This is where the magic of pay-per-click comes in.


5. Test the ad


This is key. It is unwise to simply create an ad, check out, and come back two weeks later to see what happened. Test, review, tweak, and see what works.


6. Roll it out


Once you know you have a successful ad, go for it. Spend more and run it often. It can become your cash cow.



Bank of America, N.A. engages with Steve Strauss to provide materials for informational purposes only, and is not responsible for, and does not guarantee or endorse any of the third-party products or services mentioned.  All third-party logos and company names mentioned herein are the property of their respective owners and are used under license from Steve Strauss.


Bank of America, N.A. Member FDIC. ©2017 Bank of America Corporation

by Rieva Lesonsky


Money is the scorecard of business success. In honor of National Women’s Small Business Month, we asked women business owners to share their best advice about managing business and personal finances. women owners tips couch pic.jpg


What’s your best advice about business financial management?


Rachel Braun Scherl, Managing Partner/co-founder, SPARK Solutions for Growth, a company that designs and implements practical strategies for accelerating business growth


Often you are going into meetings where the men in the room assume you won’t be on top of the financials. Be rock solid in terms of the business drivers and numbers of your business. Know your P&L, balance sheet, lifetime customer value and other key numbers backwards and forwards.


Joanna Sobran, CEO, MXOtech Inc., an IT consulting company based in Chicago


Negotiate multi-year contracts with your customers. This has given my organization long-term financial stability, allowing [me] to plan for the future and form a foundation for strong relationships. In 13 years, I have not had to borrow money.


Deborah Sweeney sold her business, MyCorporation, to Deluxe in 2018 and still runs the division.


Be keenly aware of the ROI on all investments and business initiatives, whether that is hiring, marketing, investing in technology or taking on a new business partner. Understand your measurements of success. Do more of what gets you a higher ROI; cut the lower ROI initiatives.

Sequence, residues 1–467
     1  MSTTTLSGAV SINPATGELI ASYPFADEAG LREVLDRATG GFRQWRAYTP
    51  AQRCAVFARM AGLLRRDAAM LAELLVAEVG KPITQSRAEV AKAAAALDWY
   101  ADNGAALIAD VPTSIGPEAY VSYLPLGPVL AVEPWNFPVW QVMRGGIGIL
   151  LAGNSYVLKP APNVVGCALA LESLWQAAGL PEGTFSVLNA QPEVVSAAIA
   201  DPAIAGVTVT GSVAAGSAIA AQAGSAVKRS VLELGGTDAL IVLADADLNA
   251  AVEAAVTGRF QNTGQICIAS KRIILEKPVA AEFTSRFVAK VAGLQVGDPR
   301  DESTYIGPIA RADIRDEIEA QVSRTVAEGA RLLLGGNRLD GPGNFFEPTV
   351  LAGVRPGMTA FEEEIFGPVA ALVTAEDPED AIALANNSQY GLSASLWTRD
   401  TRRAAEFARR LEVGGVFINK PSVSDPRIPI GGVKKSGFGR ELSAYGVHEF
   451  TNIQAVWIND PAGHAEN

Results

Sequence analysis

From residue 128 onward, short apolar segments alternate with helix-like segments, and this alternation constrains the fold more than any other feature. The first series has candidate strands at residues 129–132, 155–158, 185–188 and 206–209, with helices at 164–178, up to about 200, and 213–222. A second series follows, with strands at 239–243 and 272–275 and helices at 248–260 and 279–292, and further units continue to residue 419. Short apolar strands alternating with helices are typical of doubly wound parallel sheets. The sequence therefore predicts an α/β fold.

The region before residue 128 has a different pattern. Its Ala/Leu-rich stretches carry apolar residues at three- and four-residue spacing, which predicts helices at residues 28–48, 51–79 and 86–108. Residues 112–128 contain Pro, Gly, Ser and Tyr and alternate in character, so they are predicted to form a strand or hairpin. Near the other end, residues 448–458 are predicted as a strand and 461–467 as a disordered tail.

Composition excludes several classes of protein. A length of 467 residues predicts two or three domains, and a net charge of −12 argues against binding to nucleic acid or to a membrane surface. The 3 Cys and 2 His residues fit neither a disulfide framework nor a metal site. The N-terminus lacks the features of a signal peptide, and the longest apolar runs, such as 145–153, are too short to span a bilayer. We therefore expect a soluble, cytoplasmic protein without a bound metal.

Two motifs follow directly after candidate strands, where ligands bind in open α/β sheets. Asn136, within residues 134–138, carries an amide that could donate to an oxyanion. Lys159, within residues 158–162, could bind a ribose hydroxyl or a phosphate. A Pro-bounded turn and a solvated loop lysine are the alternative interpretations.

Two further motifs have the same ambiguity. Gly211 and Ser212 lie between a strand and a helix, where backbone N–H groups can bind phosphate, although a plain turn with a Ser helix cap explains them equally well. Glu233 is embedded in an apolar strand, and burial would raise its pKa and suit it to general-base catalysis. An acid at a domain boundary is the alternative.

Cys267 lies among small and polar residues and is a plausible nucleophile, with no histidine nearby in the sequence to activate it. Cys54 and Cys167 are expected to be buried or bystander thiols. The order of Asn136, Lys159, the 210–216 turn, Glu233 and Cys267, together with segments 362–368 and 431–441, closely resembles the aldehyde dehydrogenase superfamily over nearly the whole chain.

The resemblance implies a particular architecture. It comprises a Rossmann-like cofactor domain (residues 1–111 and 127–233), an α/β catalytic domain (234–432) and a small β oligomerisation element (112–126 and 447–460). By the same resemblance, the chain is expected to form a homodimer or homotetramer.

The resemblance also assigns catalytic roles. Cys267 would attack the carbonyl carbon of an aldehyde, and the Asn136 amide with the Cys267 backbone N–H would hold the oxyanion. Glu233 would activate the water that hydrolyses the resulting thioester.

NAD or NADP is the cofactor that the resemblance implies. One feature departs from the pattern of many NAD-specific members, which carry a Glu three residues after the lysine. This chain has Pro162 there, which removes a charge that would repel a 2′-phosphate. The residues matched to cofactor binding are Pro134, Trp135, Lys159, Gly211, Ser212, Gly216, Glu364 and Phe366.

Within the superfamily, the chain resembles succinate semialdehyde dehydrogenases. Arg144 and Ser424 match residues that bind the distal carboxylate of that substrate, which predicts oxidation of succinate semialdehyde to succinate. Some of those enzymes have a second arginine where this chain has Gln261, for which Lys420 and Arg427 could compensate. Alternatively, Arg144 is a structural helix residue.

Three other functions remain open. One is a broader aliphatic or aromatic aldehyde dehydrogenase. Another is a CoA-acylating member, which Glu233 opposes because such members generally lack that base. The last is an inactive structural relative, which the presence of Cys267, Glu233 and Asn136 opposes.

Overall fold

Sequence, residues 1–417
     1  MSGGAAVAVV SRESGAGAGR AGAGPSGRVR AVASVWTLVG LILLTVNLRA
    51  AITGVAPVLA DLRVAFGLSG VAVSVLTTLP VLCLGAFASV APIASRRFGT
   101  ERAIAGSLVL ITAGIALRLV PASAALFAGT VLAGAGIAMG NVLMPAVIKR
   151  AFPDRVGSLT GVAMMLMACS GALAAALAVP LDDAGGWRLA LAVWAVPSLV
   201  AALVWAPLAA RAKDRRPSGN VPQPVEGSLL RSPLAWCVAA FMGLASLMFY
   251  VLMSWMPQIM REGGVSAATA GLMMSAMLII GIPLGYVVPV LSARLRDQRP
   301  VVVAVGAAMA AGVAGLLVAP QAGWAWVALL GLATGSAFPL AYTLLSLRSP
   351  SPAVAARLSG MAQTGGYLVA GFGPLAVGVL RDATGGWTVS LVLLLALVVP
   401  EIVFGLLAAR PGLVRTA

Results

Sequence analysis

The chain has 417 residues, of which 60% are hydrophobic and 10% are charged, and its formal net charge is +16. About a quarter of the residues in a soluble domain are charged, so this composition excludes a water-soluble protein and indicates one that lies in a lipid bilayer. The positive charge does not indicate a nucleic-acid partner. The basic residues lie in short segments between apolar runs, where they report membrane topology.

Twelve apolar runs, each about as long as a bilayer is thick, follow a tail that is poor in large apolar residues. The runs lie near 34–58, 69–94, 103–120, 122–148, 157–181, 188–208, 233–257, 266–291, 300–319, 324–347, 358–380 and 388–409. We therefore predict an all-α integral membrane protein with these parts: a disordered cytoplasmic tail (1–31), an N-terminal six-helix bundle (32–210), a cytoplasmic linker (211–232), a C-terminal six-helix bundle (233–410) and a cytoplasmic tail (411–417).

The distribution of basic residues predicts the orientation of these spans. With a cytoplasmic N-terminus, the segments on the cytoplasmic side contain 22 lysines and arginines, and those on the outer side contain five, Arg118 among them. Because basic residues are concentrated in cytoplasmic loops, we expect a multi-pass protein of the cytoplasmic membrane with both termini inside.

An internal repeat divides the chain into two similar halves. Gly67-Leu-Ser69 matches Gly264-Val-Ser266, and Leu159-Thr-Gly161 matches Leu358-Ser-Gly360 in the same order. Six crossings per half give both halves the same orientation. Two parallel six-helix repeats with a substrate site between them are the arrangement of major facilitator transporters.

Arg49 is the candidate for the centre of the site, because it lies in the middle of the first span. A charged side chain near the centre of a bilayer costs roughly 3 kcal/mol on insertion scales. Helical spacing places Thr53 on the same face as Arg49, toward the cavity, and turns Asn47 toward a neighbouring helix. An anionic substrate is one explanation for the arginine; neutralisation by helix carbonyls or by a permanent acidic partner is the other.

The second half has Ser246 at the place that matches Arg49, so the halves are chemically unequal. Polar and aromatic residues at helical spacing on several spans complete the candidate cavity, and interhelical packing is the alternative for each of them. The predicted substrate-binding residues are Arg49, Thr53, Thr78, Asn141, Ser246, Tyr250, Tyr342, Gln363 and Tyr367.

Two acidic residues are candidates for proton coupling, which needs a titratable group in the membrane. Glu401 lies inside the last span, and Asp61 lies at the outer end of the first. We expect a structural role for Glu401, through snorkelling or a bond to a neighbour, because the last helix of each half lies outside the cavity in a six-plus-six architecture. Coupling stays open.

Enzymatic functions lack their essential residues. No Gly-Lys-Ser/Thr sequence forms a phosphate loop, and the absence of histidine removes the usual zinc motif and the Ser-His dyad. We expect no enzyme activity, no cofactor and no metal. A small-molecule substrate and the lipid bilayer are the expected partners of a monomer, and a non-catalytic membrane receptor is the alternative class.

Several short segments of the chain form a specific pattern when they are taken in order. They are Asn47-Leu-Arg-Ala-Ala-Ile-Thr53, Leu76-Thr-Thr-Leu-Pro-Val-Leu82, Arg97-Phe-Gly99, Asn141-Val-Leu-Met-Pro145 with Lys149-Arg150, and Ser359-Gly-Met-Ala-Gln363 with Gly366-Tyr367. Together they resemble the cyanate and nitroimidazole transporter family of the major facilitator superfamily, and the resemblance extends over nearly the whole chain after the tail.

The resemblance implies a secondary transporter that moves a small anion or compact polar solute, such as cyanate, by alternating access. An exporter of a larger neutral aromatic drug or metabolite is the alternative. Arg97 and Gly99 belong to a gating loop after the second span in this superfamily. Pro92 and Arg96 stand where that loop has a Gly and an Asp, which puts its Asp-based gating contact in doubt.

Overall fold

Donna Miller, founder, C3Workplace, a provider of coworking, consulting and educational programs for B2B professionals


Understand what your numbers mean and how they can be leveraged to drive the growth of your business. Learn to (or hire the skill to) think in Excel. All business decisions should start with solid financial data (which will allow you to find the most profitable projects and markets consistent with your company's products and services) and marketing data (which will allow you to determine the proper demographics, psychographics and trends that align with your company's products and services).


Felicia Kelly, founder, Cyrus Anointing Consulting, a personal and professional development company


Double your expense projection and cut your sales projection in half. This is not to say you should lower your goals. In fact, this method gives you the opportunity to always come in below budget and above revenue projections so that the time it takes to turn a profit is significantly shorter.


Lozelle Mathai, CEO, Closing Your Books LLC, a financial accounting consulting firm focused on women-owned businesses


Have a yearly budget broken out monthly. The budget should be in line with business goals, should include a significant reserve, and should be reviewed monthly. This ensures all facets of the business are financially on the same page.